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B.C.'s record rainfall may be the new normal, experts warn

“It’s very consistent with what climate projections describe [of] the reality coming for us,” says meteorologist Armel Castellan.
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Seagulls flock over Chesterman Beach during a wind storm that swept through Tofino on Jan. 5, 2021. The record-breaking rainfall that hit B.C. this fall is in keeping with increasingly severe weather patterns that climate projections describe. MELISSA RENWICK, HA-SHILTH-SA

Looking out from her living room window toward the Hesquiaht harbour, Dianne Ignace marvelled at a bright rainbow that emerged in the sky. Within minutes, it was swallowed by thick, gray clouds. Then, came the hail.

“Today is one of those days where every 15 minutes the weather has been changing,” she said. “That’s the phenomenon that I’ve been noticing — the speed of change around this weather is way too fast. It doesn’t give me any time to plan.”

Ignace has been living in the remote peninsula on Vancouver Island’s west coast since 1975. She is no stranger to battling out strong rainstorms, but as of late, they have become increasingly unpredictable.

“The winds are changing faster,” she said. “You can get different [wind] direction on the water five or six times in one day.”

This past fall was the wettest Ignace has seen in the past 10 years. While nothing was damaged, she said the tides that coincide with the rainstorms have been pulling the gravel off the beach in front of her house over the past three years.

“You can see the bedrock all along the coast,” she said. “It’s changing the topography in the bay here.”

The record-breaking rainfall that hit British Columbia this fall could be the new normal, warns Environment and Climate Change Canada.

“It’s very consistent with what climate projections describe [of] the reality coming for us,” said Armel Castellan, a warning preparedness meteorologist with the agency. “This was an example of what we can expect more of.”

The entire season, from September to the end of November, was the wettest on record for both Nanaimo and Gonzales in Victoria, which has data dating back to 1899. Nanaimo experienced rainfalls 181.3 per cent above normal, and Victoria saw rain 221.5 per cent above normal.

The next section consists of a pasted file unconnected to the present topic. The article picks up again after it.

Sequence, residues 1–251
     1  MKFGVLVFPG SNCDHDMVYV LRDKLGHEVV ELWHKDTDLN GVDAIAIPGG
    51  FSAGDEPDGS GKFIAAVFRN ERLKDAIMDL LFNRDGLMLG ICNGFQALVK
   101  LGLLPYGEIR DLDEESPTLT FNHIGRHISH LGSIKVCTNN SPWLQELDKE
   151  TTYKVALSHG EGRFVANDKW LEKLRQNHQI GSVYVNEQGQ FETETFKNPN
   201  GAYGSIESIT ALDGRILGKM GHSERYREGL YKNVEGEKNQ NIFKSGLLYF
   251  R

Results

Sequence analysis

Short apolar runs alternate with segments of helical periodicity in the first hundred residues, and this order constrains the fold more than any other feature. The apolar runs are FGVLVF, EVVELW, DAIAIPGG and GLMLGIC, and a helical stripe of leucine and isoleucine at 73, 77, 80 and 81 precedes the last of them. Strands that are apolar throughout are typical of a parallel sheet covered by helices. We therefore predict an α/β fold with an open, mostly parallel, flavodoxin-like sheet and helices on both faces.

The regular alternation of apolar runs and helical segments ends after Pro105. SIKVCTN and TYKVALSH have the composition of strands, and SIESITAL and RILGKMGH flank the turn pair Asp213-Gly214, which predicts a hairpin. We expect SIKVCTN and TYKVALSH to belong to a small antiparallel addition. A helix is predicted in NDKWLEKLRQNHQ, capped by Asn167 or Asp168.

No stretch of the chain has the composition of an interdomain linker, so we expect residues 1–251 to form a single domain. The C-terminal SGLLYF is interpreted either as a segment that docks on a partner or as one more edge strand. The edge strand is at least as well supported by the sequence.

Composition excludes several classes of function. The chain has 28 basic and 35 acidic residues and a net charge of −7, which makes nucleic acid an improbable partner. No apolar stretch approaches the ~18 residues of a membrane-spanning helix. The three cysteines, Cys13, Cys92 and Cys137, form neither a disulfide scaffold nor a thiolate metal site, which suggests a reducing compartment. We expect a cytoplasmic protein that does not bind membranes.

“That is very absurd to me,” Castellan said.

Historically, these types of events would only occur once in every 100 years, but Castellan said that number is projected to change to one in every 50 or 25 years going forward.

“The deck is stacked increasingly over the coming years,” he said.

Tofino typically gets 7.4 days of rain that reaches above 25 millimetres throughout November. But this November, there were 14 days of rain that reached above 25 millimetres, resulting in rainfall 175.6 per cent above normal, said Castellan.

“These [floods] have big consequences, not just on the Lower Mainland and the diking system around Sumas Prairie, but anywhere on the south coast with any infrastructure and population density whatsoever,” said Castellan.

Global temperatures have risen by 1.2 C since pre-­industrial levels, and Canada is warming twice as fast as the global average, he said.

As temperatures rise, the air has a greater capacity to hold more water vapour. One of the ways the atmosphere balances itself out is for the moist, subtropical air to travel north through a narrow corridor, otherwise known as an atmospheric river. The phenomena used to be referred to as “moist conveyor belts.”

With more water vapour in the air, Castellan said experts are projecting atmospheric rivers to double in strength in coming years, and decades.

The unpredictable weather patterns mean that Ignace is not able to leave her house as often.

“When we want to go to town, we’re getting into wishy-washy water,” she said. “The waves are coming at you from every direction … it’s making travel a lot harder.”

— Ha-Shilth-Sa